A Guide For Children of Addicts: How to Help Your Loved One

Addiction doesn’t just affect the person who is suffering from the addiction, it also affects those closest to the addict. The ones that are the most adversely affected are the family members of the person suffering, specifically the ones living in the same house such as the spouse and children. 

For the children of addicts, watching a parent suffer from addiction can be a confusing and downright scary thing. Suddenly, the person who is supposedly supposed to take care of them not only can’t do that, but they can’t even take care of themselves.

Children might experience feelings of confusion, anger, and betrayal. Depending on the age of the child or children, they might not even be able to fully comprehend or understand what is even going on. 

If you are the child of an addict, this page is a resource for you to not only learn more about what is going on but also to learn how you can help your parent as well as yourself. 

Addiction Is A Disease

Not just for children, but for everyone in society, it’s important to remember that addiction is not a choice, it is a disease. For some people, what might start as one drink or taking one pill might spiral into full-blown addiction and there is nothing anyone can do to stop it.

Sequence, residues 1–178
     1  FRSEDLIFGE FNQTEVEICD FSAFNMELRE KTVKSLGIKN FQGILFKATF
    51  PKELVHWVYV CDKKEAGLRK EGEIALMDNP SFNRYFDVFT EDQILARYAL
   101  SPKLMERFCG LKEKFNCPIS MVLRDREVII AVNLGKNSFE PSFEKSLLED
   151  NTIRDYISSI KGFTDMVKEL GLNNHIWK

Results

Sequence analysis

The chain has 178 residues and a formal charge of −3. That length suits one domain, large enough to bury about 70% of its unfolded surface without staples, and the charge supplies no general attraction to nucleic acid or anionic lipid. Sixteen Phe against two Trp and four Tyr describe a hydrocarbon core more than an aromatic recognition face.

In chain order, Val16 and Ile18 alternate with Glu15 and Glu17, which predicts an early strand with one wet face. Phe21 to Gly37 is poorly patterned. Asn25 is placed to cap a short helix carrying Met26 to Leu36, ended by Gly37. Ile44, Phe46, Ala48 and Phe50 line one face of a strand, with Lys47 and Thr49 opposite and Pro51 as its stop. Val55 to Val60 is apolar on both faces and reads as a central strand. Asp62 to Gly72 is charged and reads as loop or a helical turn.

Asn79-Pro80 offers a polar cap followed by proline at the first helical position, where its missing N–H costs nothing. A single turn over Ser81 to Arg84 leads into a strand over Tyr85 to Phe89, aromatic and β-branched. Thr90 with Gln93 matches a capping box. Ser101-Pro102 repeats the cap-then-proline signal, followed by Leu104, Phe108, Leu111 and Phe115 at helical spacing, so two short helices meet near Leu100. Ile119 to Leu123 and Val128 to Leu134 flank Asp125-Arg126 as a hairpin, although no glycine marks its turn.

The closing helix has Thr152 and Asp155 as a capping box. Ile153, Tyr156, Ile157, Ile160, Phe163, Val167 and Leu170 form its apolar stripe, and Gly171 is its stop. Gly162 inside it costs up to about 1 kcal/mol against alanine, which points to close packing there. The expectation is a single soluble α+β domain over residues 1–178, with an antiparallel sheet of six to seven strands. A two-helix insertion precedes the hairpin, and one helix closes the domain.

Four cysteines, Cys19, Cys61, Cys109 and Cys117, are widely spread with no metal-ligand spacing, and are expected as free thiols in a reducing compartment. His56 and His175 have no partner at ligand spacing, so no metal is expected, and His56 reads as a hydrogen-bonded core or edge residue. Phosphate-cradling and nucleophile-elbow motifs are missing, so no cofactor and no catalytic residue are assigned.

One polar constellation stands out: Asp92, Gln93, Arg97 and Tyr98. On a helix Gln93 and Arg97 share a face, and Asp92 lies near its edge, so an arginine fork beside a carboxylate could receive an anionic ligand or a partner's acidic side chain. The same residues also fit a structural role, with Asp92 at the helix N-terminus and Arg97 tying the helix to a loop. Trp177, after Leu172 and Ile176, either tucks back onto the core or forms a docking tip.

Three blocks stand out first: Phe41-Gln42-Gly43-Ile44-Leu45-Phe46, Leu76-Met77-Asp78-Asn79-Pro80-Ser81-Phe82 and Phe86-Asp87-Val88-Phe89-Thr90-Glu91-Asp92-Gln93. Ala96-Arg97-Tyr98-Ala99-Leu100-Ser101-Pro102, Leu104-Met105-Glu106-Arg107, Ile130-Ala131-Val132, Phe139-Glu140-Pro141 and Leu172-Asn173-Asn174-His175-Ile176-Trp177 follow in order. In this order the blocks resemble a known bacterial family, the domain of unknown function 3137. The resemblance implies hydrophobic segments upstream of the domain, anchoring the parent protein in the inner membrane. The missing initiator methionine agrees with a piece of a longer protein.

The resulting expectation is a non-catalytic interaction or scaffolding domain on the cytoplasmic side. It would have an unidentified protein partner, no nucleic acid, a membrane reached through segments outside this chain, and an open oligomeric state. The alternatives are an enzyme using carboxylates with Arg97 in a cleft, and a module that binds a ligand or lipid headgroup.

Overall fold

Over time, these substances can slowly rewire the brain and make the brain believe that it needs these substances to function properly. When that happens, there is nothing someone can do until they get the help they need at a treatment center where the brain can essentially be reprogrammed so it no longer thinks that it needs those substances anymore. 

The reason why someone might find themselves turning to drugs or alcohol over and over again can be different for every person. Some might suffer from a mental health condition and they turn to drugs or alcohol as a way to self-medicate instead of seeking professional help. Others might be dealing with traumatic or painful experiences in their lives such as divorce or death and also choose to turn to drugs and alcohol instead of seeking out professional help. Some people suffer from addiction as a result of being prescribed a medication by their doctor that might have led to them developing an addiction to said prescription. No matter the reason, it’s important to remember that it’s a disease.

Addiction Effects All Family Members Differently

As the child of an addict, you might look around and notice that you are reacting differently than your siblings or even your other parent. That’s because everyone reacts to situations in life differently. It’s also important to remember that just because someone is acting one way on the surface, doesn’t mean they aren’t acting differently internally.